After collecting samples of mosquitoes from two San Fernando Valley communities, the Greater Los Angeles County Vector Control District both tested positive for West Nile virus, officials said in a release on Friday.
Both samples were from Sherman Oaks and Porter Ranch, following a mosquito which also tested positive last week from Panorama City.
West Nile activity is off to a slow start, though it won’t be the case as the temperature rises and mosquitoes start to reproduce, according to the release.
“Last year, by the end of week 29, we already had 43 positive samples reported,” said Susanne Kluh, director of scientific technical services.
One of the major goals of the Greater Los Angeles County Vector Control District is to prevent the transmission of diseases from mosquitoes to humans and to protect property from being financially compromised due to disease-carrying insects, according to their website.
The District will manage water-holding areas such as gutters, ditches, basins, storm drains channels, nonfunctioning pools and ponds. Residents and business owners need to look out for drains in the yard or parking spaces, air conditioner drip pans/buckets, rain barrels, nonfunctioning swimming pools, rain barrels, old tires and plant, which should all be sealed or drained to prevent mosquito access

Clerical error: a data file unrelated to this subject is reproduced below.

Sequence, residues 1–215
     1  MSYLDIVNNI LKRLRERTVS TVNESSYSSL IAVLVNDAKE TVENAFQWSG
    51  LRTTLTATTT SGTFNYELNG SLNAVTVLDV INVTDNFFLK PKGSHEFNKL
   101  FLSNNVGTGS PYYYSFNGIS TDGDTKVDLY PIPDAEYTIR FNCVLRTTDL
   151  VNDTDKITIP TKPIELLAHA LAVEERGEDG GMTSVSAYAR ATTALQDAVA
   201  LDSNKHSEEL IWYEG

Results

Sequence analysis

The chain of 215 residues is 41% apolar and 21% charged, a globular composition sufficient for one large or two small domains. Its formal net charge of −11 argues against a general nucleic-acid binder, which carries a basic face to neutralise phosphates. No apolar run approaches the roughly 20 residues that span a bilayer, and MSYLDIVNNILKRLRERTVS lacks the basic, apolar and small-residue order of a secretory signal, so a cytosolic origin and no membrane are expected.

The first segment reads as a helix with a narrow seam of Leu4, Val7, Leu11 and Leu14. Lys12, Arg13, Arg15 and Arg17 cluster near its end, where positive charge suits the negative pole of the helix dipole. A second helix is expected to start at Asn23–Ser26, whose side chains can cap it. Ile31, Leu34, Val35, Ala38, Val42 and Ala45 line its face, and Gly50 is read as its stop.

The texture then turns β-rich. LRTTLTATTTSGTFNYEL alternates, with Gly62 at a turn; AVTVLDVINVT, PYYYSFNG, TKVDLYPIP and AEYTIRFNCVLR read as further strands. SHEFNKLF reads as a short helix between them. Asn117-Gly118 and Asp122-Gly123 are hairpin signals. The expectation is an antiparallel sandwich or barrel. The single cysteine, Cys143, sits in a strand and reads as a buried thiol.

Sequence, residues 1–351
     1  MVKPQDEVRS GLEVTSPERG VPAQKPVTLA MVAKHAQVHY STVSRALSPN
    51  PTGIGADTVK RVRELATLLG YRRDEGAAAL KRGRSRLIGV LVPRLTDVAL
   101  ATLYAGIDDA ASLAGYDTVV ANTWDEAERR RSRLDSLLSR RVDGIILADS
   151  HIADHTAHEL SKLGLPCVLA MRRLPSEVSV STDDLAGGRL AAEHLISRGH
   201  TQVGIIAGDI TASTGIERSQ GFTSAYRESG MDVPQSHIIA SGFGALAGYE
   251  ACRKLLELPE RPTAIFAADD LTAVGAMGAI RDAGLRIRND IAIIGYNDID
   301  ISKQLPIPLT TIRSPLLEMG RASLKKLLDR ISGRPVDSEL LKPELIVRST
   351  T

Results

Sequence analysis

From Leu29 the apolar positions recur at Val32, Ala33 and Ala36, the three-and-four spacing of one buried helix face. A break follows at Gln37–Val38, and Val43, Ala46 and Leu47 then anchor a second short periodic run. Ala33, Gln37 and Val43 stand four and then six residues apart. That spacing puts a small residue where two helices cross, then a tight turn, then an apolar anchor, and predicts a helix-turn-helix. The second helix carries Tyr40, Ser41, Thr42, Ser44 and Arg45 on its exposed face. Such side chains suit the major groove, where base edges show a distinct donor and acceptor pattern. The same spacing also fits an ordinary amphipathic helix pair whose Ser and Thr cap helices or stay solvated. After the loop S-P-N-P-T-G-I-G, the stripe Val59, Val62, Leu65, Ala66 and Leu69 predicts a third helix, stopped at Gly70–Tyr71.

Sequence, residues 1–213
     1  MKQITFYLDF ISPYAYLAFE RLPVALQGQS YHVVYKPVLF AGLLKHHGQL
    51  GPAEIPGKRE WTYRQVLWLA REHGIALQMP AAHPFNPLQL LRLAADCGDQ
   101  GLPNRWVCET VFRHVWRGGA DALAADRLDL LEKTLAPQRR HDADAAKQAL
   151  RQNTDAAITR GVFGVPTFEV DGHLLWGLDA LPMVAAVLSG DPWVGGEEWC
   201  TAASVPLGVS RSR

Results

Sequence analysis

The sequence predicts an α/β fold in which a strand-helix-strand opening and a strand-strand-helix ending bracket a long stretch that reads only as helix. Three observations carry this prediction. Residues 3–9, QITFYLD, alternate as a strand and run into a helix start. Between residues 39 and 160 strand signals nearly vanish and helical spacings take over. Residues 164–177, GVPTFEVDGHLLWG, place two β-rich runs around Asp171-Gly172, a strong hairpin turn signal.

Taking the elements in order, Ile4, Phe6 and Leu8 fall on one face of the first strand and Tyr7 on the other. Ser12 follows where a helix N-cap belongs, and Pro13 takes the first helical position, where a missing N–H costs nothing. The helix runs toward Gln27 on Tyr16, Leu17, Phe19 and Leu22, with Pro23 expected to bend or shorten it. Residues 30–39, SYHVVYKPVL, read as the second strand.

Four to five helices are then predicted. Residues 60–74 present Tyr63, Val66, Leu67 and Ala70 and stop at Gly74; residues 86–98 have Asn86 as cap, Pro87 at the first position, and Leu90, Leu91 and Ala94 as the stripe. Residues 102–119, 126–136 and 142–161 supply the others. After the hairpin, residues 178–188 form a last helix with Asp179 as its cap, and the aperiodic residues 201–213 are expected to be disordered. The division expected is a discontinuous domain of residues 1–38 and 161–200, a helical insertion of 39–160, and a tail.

Symptoms of West Nile include fever, headache, body aches, nausea or a skin rash. More serious symptoms include muscle weakness, a high fever, stiff neck, coma, paralysis and possibly death. One in 150 infected individuals will require hospitalization.
For any questions or more information, call the District at (562) 944-9656 or go to glacvcd.org.
The above information was obtained by The Signal via a news release provided by the Greater Los Angeles County Vector Control District.
This post was last modified on July 28, 2018, 1:39 pm